I am putting this book on the list to bring attention to the author. Sumption is not only a justice on the UK Supreme Court but also an author of popular histories. He is most known for his multi-volume history of the Hundred Years War. But his history of The Albigensian Crusade is an engrossing introduction to one of the greatest atrocities in Western history. The Albigensians were dualists living in southern France in the 13th century. The crusade launched in the region was basically a genocide. A disturbing book, but very well-written. Unfortunately, I never reviewed this book.

5) Julius Exclusus by Erasmus

The Julius Exclusus of Erasmus by Desiderius Erasmus

Erasmus is known for his Praise of FollyJulius Exclusus, written before Folly, is not only a critique of Pope Julius II but also a commentary on politics and leadership. It is quite funny though the satire is a bit too in-your-face. Erasmus claimed that he never wrote it, but his contemporaries and modern scholars believe that he did.

Top Ten 2016 Releases I Meant To Read

I have a few books to review this week, but today I’m going to do the Top Ten Tuesday tag hosted by The Broke and the Bookish. The theme is: “Top Ten 2016 Releases We Meant To Read But Didn’t Get To (But TOTALLY Plan To)”. My blog is dedicated to the classics, but I do want to read more modern books this year. My 2017 goal is to read at least 5 published since 2000. I’m not going to go into why I’m interested in each book. You’ve probably heard of them, but I will link the titles to their Goodreads pages in case you haven’t. They were all published in 2016.

1) The Tidal Zone by Sarah Moss (hyped but probably for good reason)

The Tidal Zone

2) Another Day in the Death of America by Gary Younge (true stories of people killed by gun violence during a 24 hr period in America)

Another Day in the Death of America: A Chronicle of Ten Short Lives

3) My Name is Leon by Kit de Waal (fiction that deals with race and adoption)

My Name is Leon

4) The Morning They Came for Us: Dispatches from Syria by Janine Di Giovanni (all about the Syrian civil war)

The Morning They Came for Us: Dispatches from Syria

5) Hillbilly Elegy: A Memoir of a Family and Culture in Crisis by J.D. Vance (a memoir about the author growing up in a white working class family in America)

Hillbilly Elegy: A Memoir of a Family and Culture in Crisis

6) The Optician of Lampedusa by Emma Jane Kirby (fiction about the refugee crisis)

The Optician of Lampedusa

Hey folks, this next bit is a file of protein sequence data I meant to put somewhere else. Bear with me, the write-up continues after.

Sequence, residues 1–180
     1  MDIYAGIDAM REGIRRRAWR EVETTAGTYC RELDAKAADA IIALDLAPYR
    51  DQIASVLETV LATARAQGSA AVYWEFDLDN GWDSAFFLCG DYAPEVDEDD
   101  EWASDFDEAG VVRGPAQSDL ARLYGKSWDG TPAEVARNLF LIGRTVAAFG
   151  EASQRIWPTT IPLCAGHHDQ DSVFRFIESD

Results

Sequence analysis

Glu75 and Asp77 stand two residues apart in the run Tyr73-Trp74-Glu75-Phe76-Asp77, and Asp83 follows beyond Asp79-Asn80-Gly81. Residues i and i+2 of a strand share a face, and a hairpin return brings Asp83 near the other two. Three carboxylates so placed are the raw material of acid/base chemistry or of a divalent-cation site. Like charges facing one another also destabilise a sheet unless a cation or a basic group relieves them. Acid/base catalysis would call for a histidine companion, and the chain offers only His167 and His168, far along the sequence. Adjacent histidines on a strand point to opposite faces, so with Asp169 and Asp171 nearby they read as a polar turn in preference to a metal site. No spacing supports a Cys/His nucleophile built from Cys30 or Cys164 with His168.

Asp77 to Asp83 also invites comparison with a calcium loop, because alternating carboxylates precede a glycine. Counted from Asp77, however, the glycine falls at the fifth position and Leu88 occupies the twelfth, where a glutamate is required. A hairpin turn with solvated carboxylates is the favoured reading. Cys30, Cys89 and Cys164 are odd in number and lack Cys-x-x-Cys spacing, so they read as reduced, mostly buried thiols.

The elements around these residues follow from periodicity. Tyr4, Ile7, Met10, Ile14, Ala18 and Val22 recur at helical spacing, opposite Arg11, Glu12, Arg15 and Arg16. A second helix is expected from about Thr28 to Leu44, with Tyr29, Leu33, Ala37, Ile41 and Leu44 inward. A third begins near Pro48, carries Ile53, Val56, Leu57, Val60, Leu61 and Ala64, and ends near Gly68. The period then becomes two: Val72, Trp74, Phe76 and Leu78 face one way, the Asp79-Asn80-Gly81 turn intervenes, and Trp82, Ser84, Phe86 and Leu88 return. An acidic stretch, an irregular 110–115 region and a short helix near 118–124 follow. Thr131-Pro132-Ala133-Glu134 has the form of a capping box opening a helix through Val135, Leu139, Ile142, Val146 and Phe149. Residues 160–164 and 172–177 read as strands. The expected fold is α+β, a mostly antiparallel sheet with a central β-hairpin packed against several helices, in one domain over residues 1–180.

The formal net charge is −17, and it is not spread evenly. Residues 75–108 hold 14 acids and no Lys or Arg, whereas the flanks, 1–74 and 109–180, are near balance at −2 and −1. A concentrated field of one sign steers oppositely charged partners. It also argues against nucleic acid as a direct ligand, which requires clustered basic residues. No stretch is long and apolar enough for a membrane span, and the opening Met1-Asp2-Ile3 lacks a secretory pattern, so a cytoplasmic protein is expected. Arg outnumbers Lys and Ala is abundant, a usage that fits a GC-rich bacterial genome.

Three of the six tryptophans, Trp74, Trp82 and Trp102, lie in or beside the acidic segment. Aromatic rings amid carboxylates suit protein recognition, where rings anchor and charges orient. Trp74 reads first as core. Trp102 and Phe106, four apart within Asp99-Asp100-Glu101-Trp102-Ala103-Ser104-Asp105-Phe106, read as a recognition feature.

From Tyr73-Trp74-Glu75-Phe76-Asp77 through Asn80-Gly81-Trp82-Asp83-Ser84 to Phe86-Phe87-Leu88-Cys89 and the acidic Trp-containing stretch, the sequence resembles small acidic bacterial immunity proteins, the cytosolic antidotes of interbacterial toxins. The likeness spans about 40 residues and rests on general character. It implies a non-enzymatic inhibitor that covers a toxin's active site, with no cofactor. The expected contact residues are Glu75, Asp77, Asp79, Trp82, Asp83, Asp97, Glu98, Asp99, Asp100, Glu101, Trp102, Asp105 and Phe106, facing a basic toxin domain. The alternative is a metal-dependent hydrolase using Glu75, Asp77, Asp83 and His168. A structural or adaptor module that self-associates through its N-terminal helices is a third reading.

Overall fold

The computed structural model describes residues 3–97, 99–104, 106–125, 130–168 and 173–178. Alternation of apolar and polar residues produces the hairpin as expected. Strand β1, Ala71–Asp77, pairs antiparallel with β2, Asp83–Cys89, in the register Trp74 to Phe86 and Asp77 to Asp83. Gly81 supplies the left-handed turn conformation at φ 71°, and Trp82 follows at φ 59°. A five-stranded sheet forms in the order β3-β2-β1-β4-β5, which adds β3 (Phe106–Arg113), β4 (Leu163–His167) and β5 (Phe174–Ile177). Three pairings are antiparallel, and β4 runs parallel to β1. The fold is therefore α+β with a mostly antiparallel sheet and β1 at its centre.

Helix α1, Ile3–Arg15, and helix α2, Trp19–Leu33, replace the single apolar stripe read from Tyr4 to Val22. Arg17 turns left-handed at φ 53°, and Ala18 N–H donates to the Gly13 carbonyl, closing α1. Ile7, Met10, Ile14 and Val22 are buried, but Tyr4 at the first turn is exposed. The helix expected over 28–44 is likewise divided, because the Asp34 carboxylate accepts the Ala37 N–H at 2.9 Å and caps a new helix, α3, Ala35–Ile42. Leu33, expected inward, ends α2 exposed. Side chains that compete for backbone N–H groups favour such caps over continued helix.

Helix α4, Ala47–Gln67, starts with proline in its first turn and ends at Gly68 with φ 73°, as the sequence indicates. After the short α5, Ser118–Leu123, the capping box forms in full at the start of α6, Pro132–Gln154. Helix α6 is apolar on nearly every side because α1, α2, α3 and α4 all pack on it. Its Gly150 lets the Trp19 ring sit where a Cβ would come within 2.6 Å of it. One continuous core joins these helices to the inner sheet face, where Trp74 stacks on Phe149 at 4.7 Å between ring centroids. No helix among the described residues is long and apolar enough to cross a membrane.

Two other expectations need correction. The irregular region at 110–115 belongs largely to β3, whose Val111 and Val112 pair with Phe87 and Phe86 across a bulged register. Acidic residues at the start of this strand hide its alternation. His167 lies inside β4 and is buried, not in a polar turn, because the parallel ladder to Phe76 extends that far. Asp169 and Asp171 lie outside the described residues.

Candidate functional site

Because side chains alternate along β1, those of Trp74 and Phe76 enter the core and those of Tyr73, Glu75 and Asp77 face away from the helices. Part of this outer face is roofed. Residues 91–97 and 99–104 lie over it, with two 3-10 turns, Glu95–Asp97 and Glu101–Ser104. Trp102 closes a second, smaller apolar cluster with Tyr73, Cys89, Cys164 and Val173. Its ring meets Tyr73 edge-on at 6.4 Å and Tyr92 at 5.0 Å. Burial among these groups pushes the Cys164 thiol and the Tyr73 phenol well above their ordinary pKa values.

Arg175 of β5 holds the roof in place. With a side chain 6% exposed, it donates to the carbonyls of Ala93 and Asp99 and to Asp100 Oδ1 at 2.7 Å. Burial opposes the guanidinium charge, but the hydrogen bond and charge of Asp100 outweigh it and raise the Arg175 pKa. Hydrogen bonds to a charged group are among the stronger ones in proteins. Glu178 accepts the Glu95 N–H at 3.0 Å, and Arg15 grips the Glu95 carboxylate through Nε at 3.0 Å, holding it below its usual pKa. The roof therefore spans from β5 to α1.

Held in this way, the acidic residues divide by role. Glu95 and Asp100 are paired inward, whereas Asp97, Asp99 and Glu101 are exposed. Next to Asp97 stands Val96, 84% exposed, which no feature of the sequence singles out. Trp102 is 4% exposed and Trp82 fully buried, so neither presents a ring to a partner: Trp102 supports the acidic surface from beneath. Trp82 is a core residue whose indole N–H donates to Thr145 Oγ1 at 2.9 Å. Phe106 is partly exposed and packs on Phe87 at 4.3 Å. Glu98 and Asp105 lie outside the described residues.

7) Homegoing by  Yaa Gyasi (it has been so hyped that I’m a bit scared to read it)

Homegoing

8) Reformations: The Early Modern World, 1450-1650 by Carlos M.N. Eire (clearly my kind of book)

Reformations: The Early Modern World, 1450-1650

9) Charlemagne by Johannes Fried (I briefly reviewed his book on the Middle Ages last year; again, this is my kind of book)

Charlemagne

10) The Argonauts by Maggie Nelson (a memoir about the author’s relationship to a gender fluid individual)

The Argonauts

Bookish Pet Peeves Tag

Tags seem perfect for the start of a new year. A book I recently finished prompted me to do the Bookish Pet Peeves Tag. I don’t like tagging people because I don’t want to annoy anyone. If you want to do the tag, feel free to do it and put the link to your response in the comments. I think this tag was created by The Broke and the Bookish for Top Ten Tuesday. Without further ado, here are my 5 bookish pet peeves:

1) Books with deckled edge paper

I utterly loathe deckled edges!! My copy of Don Quixote had deckled edge paper. Because the pages stuck together, I couldn’t flip through the book to find my favorite passages. It is useless to underline and write in the margins of books with deckled edge paper.

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2) Dust jackets

I mostly buy paperback books not only because they are less expensive and lighter than hardcover books but also because they don’t come with dust jackets. Dust jackets easily slip off.

3) Obnoxious highlighting in used books  

I generally don’t care about the condition of my books. I will buy used copies with highlighting, marginal notes, or broken spines. I underline and write in the margins of nearly every books I read. I believe in reading with a pencil. However, I don’t want the whole book highlighted. Obnoxious highlighting not only makes the book look ugly, it is a counterproductive practice. Highlighting alone doesn’t help you study. You must take notes if you want to remember anything you’ve read. Highlighting is only appropriate for marking favorite passages. But what is the purpose of highlighting the whole book?

4) Introductions with spoilers

Many of the works I read come with very informative introductions. I know now to read them after I finish the classic, but I wish editor’s essays came at the end of the book rather than at the beginning. They almost always give away the whole plot. Maybe the editor could include a spoiler warning in appropriate sections of the essay. I understand that a note about historical context might be appropriate in the introduction to a classic, but I don’t want to know the whole story before I read it. I do appreciate, however, the work editors and translators do to make a particular classic accessible to a modern English-speaking audience.